Now sure how to become the best version of yourself? Follow those who inspire you. Maybe your idol is a parent or mentor—ask them about their past and find out how they grew to be the person they are today. Investigate the lives of famous people and find where their success left clues. Start with biographies or autobiographies. Finding inspiration will help you increase your motivation.
Last year, I read the autobiography of Phil Knight (founder of Nike) and the portrait of Alexander Hamilton. Whether you agree with their decisions or not, you can learn a lot from their stories, their wins, and their losses.
14. Just Breathe
The most important part of my morning routine is meditation. You’re probably familiar with some of the benefits of mindfulness, such as feeling calmer and better able to handle stress. Through consistent practice, I found that my mental clarity and focus improved, too.
We all have a ‘monkey mind’ that’s always on the move, like a monkey swinging from branch to branch. All of life’s distractions consume our thoughts, even when it’s unproductive. By meditating, we better consciously choose which thoughts to interact with. Through this practice, you also gain the mental space to operate at peak motivation.
15. Reframe Your Questions
Let’s say that you are de-motivated by a problem that seems impossible to solve. What you can do is invest a lot of time upfront framing the right questions.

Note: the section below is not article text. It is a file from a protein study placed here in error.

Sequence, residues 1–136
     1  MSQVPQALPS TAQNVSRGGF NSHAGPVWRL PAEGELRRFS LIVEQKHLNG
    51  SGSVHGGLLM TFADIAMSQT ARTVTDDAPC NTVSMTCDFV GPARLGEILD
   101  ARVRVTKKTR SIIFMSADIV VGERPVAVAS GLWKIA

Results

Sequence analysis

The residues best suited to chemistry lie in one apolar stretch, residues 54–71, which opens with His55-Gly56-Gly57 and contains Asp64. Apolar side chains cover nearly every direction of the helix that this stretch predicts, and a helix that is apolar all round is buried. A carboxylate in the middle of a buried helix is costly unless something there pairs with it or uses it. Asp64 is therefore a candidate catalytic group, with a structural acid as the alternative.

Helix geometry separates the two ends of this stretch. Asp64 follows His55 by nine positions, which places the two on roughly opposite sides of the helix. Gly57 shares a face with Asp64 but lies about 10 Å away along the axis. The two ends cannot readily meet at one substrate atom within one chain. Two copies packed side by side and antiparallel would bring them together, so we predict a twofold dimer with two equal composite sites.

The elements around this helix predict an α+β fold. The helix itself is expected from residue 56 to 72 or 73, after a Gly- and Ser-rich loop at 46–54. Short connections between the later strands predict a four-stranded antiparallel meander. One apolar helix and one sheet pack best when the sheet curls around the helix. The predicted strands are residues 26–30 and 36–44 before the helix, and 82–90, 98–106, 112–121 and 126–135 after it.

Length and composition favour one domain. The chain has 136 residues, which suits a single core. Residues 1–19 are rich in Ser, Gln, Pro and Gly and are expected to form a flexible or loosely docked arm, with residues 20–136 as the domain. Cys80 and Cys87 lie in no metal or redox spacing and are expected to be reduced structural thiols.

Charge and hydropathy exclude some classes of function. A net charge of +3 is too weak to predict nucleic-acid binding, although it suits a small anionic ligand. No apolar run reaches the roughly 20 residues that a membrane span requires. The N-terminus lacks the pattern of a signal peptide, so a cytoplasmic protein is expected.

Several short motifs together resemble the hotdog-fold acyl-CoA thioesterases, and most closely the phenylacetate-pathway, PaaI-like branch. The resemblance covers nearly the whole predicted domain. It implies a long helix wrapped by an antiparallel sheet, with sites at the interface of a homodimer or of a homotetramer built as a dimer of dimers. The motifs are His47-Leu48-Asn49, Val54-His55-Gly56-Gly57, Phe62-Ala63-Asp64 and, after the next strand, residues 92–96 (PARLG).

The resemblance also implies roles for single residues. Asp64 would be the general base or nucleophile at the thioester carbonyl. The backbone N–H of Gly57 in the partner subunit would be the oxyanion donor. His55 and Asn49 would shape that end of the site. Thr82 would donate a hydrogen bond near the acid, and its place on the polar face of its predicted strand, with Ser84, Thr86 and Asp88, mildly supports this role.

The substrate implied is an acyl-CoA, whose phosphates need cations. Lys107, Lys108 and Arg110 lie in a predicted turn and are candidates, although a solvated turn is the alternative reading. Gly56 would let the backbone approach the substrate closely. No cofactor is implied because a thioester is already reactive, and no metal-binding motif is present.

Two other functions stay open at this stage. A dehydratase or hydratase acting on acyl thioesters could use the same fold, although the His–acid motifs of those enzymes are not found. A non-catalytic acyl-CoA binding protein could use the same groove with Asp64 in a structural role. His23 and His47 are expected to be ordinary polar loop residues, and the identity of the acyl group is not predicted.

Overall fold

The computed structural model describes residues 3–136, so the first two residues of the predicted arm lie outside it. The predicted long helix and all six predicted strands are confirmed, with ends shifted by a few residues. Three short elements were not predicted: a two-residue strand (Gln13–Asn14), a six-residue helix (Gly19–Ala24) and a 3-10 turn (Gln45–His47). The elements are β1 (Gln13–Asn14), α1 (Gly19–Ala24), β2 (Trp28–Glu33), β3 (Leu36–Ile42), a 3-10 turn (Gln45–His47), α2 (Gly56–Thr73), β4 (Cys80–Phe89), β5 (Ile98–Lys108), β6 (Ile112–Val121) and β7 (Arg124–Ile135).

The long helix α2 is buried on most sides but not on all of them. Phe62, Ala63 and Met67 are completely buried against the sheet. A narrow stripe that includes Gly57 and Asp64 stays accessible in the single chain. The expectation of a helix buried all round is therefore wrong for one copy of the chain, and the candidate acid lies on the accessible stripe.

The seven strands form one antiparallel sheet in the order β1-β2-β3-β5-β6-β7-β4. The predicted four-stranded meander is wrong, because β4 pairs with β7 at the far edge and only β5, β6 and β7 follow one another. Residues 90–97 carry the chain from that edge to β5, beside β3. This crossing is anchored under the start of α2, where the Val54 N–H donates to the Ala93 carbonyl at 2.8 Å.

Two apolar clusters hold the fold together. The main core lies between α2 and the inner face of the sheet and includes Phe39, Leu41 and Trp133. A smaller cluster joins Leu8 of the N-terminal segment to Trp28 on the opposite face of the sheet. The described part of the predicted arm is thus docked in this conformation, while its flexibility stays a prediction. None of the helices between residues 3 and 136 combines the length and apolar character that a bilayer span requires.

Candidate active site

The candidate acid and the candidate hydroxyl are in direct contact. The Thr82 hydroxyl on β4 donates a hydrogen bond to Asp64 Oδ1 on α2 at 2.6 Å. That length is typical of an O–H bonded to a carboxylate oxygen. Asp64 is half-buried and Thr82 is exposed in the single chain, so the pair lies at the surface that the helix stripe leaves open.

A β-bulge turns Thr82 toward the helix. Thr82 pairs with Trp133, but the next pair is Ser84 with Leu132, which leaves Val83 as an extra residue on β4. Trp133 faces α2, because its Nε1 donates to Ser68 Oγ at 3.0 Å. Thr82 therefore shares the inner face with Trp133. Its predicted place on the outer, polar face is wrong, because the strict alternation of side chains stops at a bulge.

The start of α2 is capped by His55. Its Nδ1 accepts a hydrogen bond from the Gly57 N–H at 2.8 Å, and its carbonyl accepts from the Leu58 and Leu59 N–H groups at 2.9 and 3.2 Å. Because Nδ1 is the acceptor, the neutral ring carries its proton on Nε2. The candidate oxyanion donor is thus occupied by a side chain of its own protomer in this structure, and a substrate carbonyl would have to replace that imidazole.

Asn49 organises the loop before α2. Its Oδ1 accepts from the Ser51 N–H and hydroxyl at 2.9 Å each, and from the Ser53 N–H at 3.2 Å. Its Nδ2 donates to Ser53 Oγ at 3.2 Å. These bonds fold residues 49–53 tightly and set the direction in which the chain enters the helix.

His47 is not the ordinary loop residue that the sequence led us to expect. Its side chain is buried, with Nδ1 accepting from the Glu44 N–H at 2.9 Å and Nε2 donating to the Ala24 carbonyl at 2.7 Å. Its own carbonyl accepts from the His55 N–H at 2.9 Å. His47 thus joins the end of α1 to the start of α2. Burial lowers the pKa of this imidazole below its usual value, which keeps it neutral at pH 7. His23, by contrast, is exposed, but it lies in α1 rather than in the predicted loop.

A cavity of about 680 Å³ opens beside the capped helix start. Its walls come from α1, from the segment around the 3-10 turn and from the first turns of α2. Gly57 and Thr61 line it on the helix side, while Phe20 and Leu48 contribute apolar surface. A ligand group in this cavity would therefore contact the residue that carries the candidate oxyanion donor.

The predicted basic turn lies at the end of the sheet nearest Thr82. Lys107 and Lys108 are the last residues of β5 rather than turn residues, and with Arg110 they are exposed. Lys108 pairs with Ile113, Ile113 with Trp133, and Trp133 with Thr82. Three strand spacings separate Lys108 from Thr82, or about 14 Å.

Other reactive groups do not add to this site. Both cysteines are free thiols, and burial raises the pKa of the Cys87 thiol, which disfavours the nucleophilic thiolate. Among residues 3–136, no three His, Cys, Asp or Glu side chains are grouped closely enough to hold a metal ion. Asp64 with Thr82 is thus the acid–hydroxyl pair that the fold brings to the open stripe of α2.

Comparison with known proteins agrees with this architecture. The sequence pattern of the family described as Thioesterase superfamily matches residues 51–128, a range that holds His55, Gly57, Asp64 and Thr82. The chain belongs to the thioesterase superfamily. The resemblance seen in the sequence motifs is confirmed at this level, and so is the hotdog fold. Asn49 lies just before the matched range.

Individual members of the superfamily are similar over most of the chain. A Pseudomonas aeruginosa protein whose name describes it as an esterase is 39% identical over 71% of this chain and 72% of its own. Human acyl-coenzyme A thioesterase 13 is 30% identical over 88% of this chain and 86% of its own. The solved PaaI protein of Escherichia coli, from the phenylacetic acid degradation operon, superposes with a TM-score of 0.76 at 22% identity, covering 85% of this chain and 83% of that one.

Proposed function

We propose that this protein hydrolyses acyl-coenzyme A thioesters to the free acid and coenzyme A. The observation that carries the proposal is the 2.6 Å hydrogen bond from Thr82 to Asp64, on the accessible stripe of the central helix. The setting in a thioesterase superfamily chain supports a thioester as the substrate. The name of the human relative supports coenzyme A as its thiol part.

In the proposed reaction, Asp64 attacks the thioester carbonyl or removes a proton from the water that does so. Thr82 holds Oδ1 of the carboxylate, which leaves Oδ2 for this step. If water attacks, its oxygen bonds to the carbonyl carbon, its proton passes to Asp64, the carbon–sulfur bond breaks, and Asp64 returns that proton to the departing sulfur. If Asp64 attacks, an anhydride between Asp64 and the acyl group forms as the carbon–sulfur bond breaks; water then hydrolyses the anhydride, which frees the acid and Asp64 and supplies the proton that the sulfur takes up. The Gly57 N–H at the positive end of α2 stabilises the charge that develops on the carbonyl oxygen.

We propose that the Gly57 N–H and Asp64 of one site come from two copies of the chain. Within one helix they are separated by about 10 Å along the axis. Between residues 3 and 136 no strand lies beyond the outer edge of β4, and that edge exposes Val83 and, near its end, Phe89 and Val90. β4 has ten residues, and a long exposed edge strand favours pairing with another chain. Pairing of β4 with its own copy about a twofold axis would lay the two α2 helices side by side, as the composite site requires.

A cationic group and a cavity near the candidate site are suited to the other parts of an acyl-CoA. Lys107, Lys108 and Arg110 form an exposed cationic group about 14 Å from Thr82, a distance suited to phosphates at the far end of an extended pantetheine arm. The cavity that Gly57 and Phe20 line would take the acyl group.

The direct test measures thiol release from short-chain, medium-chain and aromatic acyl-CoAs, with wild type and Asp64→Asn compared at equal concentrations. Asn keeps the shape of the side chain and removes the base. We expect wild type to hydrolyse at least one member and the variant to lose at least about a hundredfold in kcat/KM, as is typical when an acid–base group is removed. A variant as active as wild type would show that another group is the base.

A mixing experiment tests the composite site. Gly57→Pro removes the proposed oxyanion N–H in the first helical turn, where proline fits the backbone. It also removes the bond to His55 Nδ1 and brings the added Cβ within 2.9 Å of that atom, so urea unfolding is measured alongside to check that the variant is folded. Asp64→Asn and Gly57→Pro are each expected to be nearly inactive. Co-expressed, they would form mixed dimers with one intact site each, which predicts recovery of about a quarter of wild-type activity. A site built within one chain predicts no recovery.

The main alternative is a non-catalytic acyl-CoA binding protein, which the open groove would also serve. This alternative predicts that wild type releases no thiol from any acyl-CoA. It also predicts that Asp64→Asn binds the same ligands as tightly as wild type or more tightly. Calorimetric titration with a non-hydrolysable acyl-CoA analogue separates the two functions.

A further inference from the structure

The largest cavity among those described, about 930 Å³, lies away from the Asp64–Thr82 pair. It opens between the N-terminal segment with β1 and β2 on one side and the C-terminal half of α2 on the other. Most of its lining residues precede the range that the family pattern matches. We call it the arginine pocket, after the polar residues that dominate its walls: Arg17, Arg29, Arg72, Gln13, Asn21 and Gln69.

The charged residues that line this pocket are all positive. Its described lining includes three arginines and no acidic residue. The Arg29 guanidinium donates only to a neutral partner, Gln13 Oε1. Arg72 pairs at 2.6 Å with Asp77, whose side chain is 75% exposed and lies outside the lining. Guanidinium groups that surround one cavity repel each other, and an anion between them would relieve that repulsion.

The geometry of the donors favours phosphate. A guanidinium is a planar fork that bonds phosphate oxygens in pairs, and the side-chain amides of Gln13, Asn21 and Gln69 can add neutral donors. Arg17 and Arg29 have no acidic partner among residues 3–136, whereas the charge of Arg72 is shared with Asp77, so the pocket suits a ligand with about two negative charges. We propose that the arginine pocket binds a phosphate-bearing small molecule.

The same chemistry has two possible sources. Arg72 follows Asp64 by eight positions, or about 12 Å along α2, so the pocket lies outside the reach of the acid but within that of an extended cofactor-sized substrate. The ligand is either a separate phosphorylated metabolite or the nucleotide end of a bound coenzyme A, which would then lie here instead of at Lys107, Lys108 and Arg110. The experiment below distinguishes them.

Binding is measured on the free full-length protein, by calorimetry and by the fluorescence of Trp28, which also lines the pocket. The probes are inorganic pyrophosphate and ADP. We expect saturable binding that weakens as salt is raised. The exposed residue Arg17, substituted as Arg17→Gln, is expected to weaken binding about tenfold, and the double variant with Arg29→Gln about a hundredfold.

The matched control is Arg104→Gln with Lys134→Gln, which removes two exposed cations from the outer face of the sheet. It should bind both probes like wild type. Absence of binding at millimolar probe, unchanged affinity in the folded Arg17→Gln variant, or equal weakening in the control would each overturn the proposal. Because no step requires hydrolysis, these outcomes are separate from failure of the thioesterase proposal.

In the Tribe of Mentors, author Timothy Ferriss encourages his readers to ask, “how would it look if this [endeavor, goal, etc.] were easy?”
In The One Thing, author Gary Keller suggests you ask yourself, “What is one thing I can do that would make everything else less important or unnecessary?”
Think about the problem you want to solve and ensure you ask the right questions. Also, consider if you have assumptions baked into your line of thinking. Remember: it’s always better to ask (the right) questions than to assume. These methods can turn a frustrating problem into an inspiring solution.
Everyone encounters a slump at least once in their lives, but what differs from person to person is how they handle it. There are many ways that you can increase your motivation when you’re in a slump. You can start with these 15 tips on how to increase your motivation to help you overcome that slump and be the best that you can be.